These are text fields name and store and a number between one and 31. Let's first print the content and page it using less. We'll see the same thing as calling less Hello But you'll see later why we do it in steps. Let's now sort the output we can do in using source command. Again, the output doesn't fit into one screen so we can apply the same trick and paginated. Now we can navigate in the file, the output is now sorted by a string sorting function.

In this case, the line with 19 will come before the new line tool. Let's try to see unique people whoever went to any store. For this we need to select just one first column of the output. Now we can do this using cut command. I pipe the output to cut. I'll use the argument minus d for delimiter.

I will specify comma and I want to print the first field specified by the minus f one argument. I can also print the same line as in the original file by attaching fields One, two and three this way, and it will print basically the same content as the original file. I can also specify the output delimited for the cut command by appending, an additional argument minus minus output dash delimiter. And for instance, I want to use a space. For now I'm only interested in the first column. I can now sort the output.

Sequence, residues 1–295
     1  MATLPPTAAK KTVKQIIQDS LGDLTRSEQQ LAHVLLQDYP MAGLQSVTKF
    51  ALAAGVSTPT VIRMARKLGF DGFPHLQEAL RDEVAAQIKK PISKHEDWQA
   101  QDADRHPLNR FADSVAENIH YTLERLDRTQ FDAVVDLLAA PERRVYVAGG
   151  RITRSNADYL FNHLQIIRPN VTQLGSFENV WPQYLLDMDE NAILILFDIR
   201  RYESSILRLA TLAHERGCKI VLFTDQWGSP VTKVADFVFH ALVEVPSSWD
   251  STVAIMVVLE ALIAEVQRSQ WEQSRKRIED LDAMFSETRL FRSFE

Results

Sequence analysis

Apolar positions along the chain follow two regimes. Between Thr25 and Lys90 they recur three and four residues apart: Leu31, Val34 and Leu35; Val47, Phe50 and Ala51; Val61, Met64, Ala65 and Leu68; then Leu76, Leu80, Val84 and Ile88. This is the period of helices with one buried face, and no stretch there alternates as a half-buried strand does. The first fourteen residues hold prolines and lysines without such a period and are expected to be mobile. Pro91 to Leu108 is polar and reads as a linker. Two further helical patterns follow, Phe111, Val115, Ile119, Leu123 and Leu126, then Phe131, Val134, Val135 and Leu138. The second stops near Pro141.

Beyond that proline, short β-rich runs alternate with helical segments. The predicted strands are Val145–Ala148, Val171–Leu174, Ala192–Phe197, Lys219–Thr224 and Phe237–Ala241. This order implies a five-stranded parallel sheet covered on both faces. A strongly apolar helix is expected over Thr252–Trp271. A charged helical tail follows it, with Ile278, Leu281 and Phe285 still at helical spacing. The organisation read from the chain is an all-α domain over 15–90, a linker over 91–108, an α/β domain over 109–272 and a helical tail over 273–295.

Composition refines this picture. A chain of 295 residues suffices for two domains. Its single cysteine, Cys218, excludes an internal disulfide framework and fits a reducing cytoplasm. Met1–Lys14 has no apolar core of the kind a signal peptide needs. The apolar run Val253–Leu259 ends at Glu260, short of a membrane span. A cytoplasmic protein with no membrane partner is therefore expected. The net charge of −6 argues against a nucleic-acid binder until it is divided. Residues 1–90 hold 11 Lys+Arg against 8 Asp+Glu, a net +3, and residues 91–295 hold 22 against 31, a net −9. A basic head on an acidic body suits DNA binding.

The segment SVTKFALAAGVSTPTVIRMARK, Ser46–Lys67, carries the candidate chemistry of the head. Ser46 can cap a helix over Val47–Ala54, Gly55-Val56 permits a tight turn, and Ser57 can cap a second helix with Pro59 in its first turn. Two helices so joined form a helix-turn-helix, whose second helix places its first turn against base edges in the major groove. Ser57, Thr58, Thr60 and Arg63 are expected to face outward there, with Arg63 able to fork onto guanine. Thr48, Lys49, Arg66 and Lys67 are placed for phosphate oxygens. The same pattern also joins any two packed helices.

And now I can print unique lines by applying additional pipeline operation unique. When you use the unique command, make sure that you sort the output beforehand. for performance reasons it removes duplicates only in sequential lines. If you omit the sort function, we don't get what we expect to get. Let me show the output once again. Now we can print the last 20 lines of this output using the tail command that we talked about before, minus 20.